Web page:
At The Pioneers we see employee experience as the sum of all the interactions between the journey a company is on and an employee’s personal journey. We believe companies should use the lens of employee experience to make these interactions work for both the employee and the organisation.
Matt wrote a great blog on how to improve employee experience, central to which was identifying and improving moments that matter.
In their book, The Power of Moments, Chip and Dan Heath define a moment as: ‘a short experience that is both memorable and meaningful’. They refer to what psychologists call ‘the peak-end rule’. Experiments have demonstrated that we recall experiences not by averaging out the total experience but by focusing on the peak moment (high or low point) and the ending.
What Chip and Dan Heath point out is that it’s not entire experiences that matter but specific, remarkable moments that create memories which stick with us and influence our lives.
When it comes to improving employee experience then we shouldn’t worry about every one of the thousands of interactions between an employee’s and an organisation’s journey. Instead we should focus on a few key interactions. To do this we need to identify the moments in employee experience that really matter to both employees and the company.
What does this mean in practice?
There are countless opportunities to create defining moments in the employee experience but to draw on more on Chip and Dan Heath’s advice, here’s how I suggest you identify yours…
- Look for transitions – natural defining moments in an employee’s life. These are moments when people are going through significant change – both personal and professional transitions are relevant to the employee experience. Professional examples include: the first day in a new job; a promotion to a new position; ending a project and/or starting a new project; leaving the company. Personal life transitions you might want to consider include: moving in with a partner; having a baby; relocating to a new part of the country/world. Once you’ve identified the transitions that matter in your employee experience then you need to find ways of marking these as special.
- Identify milestones. Unlike transitions, milestones can pass by without any real change unless you choose to highlight them. Many businesses recognise an employee’s length of service but usually not until many years have passed by. Are there opportunities to create other milestones in the employee experience such as: the 100th day in the job; the 10th project someone delivers successfully? We tend to be much better at creating and celebrating milestones in our personal lives such as birthdays. When you’ve got a handle on the milestones that are important to your employee experience, think of ways you can commemorate these milestones.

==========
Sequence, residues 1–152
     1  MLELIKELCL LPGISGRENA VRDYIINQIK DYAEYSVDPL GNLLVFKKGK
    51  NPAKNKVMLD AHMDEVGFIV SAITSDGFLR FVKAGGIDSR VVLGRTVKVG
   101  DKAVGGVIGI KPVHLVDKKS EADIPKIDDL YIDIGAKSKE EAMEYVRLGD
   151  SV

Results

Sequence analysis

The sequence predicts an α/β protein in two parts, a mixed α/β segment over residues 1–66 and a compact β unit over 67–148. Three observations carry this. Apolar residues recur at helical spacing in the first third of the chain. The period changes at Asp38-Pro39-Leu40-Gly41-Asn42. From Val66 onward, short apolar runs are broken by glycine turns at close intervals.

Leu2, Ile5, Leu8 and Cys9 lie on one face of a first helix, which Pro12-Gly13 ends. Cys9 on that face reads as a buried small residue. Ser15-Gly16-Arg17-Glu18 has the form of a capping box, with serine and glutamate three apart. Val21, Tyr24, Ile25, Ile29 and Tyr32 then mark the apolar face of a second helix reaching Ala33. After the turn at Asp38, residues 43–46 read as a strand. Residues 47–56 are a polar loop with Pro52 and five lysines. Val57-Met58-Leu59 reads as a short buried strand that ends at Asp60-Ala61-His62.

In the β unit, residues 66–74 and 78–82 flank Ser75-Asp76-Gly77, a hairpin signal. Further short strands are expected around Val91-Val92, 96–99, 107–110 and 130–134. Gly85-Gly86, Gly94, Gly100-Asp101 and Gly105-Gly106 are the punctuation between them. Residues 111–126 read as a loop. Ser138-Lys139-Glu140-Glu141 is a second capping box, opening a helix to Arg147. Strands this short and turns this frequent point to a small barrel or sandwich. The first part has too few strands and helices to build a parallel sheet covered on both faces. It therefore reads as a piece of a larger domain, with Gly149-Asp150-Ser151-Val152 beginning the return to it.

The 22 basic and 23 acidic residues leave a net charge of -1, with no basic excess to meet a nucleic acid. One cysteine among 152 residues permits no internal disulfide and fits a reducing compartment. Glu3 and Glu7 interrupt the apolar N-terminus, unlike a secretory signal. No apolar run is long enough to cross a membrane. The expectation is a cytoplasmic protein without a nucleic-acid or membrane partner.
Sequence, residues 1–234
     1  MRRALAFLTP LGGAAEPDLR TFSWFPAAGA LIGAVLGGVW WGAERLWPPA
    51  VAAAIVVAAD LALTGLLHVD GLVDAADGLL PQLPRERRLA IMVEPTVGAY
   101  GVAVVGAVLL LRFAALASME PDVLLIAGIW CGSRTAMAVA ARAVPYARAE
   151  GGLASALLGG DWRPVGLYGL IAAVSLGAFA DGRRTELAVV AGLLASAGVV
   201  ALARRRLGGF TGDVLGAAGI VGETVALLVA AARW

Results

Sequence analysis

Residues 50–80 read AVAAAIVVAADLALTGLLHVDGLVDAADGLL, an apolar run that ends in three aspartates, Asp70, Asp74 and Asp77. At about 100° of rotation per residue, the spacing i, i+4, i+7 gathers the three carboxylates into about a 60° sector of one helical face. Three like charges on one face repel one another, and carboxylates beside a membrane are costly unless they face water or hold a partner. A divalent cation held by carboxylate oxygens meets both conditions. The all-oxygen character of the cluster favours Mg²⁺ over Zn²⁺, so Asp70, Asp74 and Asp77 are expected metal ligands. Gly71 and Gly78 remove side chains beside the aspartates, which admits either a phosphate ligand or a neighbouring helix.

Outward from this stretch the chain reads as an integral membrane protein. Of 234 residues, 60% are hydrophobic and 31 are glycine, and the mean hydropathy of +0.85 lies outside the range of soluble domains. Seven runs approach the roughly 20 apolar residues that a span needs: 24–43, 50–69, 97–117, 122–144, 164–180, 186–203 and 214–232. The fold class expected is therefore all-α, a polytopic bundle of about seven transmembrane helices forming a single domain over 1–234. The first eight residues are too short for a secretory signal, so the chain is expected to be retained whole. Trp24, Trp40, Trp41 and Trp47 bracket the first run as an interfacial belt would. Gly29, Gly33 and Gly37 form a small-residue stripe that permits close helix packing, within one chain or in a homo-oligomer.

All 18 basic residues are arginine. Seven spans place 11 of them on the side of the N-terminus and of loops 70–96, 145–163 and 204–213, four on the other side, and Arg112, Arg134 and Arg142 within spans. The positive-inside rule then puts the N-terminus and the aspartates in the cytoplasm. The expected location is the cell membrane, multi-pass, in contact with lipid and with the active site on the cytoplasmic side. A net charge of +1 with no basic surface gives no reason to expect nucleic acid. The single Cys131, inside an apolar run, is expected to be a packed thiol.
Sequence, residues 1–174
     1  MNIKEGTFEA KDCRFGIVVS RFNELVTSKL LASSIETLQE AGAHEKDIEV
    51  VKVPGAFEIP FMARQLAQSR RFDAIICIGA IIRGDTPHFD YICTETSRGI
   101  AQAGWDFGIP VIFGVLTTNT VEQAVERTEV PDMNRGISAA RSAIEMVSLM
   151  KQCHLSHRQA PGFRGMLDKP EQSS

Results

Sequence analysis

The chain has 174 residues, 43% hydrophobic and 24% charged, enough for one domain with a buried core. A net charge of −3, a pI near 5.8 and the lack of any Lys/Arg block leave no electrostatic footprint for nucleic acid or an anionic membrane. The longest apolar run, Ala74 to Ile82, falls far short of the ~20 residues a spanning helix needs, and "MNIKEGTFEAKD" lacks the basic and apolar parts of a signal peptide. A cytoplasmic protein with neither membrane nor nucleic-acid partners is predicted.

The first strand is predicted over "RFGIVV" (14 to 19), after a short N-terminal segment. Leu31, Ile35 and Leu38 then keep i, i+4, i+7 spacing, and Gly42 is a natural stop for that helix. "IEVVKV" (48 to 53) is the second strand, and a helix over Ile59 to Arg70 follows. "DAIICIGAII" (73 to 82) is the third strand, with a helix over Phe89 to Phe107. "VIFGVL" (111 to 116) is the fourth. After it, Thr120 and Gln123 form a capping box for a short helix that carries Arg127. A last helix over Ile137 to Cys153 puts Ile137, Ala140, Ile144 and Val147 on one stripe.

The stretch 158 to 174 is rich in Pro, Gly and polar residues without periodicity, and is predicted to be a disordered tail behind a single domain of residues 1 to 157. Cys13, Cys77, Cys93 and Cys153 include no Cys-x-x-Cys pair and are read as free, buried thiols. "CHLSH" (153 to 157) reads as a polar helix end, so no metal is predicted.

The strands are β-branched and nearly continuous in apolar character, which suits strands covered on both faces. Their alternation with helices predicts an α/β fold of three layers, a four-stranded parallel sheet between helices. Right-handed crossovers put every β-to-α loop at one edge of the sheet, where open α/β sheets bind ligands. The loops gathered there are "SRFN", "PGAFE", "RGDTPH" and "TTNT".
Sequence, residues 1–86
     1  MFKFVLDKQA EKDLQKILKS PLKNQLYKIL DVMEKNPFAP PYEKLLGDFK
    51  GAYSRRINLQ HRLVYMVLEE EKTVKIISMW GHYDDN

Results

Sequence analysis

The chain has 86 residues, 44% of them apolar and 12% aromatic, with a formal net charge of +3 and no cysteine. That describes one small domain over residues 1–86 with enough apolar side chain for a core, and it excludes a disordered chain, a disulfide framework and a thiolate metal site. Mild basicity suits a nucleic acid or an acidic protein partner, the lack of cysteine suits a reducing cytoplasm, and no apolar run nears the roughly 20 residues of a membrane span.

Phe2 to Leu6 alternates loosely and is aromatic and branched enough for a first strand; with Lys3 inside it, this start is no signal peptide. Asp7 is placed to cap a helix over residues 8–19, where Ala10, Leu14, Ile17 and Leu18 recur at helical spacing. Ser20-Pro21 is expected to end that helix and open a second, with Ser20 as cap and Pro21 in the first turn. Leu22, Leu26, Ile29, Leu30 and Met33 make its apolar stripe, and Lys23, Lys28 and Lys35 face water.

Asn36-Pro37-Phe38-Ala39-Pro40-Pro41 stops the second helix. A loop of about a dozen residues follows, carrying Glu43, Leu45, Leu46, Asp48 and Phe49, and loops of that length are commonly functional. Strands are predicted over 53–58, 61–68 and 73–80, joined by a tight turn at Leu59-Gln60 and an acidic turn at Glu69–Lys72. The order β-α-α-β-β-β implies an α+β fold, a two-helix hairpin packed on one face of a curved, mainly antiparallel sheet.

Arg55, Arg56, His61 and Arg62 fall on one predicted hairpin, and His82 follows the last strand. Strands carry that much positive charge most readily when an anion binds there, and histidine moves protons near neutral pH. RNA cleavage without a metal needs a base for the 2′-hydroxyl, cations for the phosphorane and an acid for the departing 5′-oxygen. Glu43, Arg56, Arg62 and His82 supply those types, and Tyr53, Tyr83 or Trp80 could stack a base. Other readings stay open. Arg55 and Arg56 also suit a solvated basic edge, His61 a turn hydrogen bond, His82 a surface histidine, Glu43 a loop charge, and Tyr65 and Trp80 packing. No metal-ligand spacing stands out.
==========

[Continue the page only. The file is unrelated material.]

- Watch out for pits (or potential pits) – these are moments of hardship or pain. Potential professional pits could include: receiving negative feedback; being overlooked for a promotion; critical workplace technology not working properly. What could you do to preempt these potential pits and attempt to fill them as much as possible by supporting employees through them? Organisations should also think about employees’ potential personal life pits such as family bereavement, divorce, illness… what can you have in place to support employees during these tough times?
Transitions, milestones and pits – these are the moments that matter in your employee experience. As you identify these moments and seek to curate your employee experience, you should find ways of marking the transitions, commemorating the milestones and filling the pits. These moments are all opportunities for elevation, insight, pride and connection.